DNA synthesis for true random number generation

Secure data encryption increasingly needs large volumes of true random numbers. Linda Meiser et al. use the stochastic nature of DNA synthesis to obtain millions of gigabytes of unbiased randomness.


Latest Research articles

  • Optical analog computing has so far been mostly limited to solving a single instance of a mathematical problem at a time. Here, the authors show that the linearity of the wave equation allows to solve several problems simultaneously, and demonstrate it using an MW transmissive cavity.

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  • Geometric E to Z double C=C bond isomerization is challenging as it requires kinetic trapping of the Z-isomer with injection of chemical energy. Here, the authors report a dinuclear Pd(I)−Pd(I) complex that mediates selective isomerization of E-1,3-dienes to the Z-isomers without photoirradiation.

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  • The process of thin sheet crumpling is characterized by high complexity due to an infinite number of possible configurations. Andrejevic et al. show that ordered behavior can emerge in crumpled sheets, and uncover the correspondence between crumpling and fragmentation processes.

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  • Converse symmetry breaking is a counterintuitive phenomenon in which the system must have an asymmetry to stabilize a symmetric state. Molnar et al. demonstrate this effect in real power-grid networks and show that synchronous operation can be improved by inhomogeneities across power generators.

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  • The unprecedented cost of the 2018 eruption in Hawai’i reflects an intersection of disparate physical and social phenomena: widely spaced, highly destructive eruptions, and atypically high population growth. These were linked and the former indirectly drove the latter with unavoidable consequences.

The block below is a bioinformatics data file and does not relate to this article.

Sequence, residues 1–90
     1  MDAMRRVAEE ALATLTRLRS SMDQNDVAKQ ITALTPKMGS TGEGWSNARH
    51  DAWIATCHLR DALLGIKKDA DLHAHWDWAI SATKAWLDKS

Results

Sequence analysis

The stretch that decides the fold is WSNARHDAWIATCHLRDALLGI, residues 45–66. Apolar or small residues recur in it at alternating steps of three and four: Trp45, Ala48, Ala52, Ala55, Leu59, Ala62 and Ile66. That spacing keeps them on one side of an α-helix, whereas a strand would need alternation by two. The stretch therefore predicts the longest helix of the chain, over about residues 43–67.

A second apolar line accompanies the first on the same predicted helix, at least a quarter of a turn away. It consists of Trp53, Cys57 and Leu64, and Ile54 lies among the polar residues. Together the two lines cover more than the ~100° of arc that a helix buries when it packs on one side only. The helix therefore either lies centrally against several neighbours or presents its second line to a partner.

• Bruce F. Houghton
    • Wendy A. Cockshell
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  • Neural recording technologies increasingly enable simultaneous measurement of neural activity from multiple brain areas. To gain insight into distributed neural computations, a commensurate advance in experimental and analytical methods is necessary. We discuss two opportunities towards this end: the manipulation and modeling of neural population dynamics.

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  • Writing in Nature communications, Zhu and collaborators reported the development of a genetically encoded sensor for the detection of formaldehyde in cells and tissues. This tool has great potential to transform formaldehyde research; illuminating a cellular metabolite that has remained elusive in live structures.

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  • Many newly-discovered microbial phyla have been studied solely by cultivation-independent techniques such as metagenomics. Much of their biology thus remains elusive, because the organisms have not yet been isolated and grown in the lab. Katayama et al. lift the curtain on some intriguing biology by cultivating and studying bacteria from the elusive OP9 phylum (Atribacterota).

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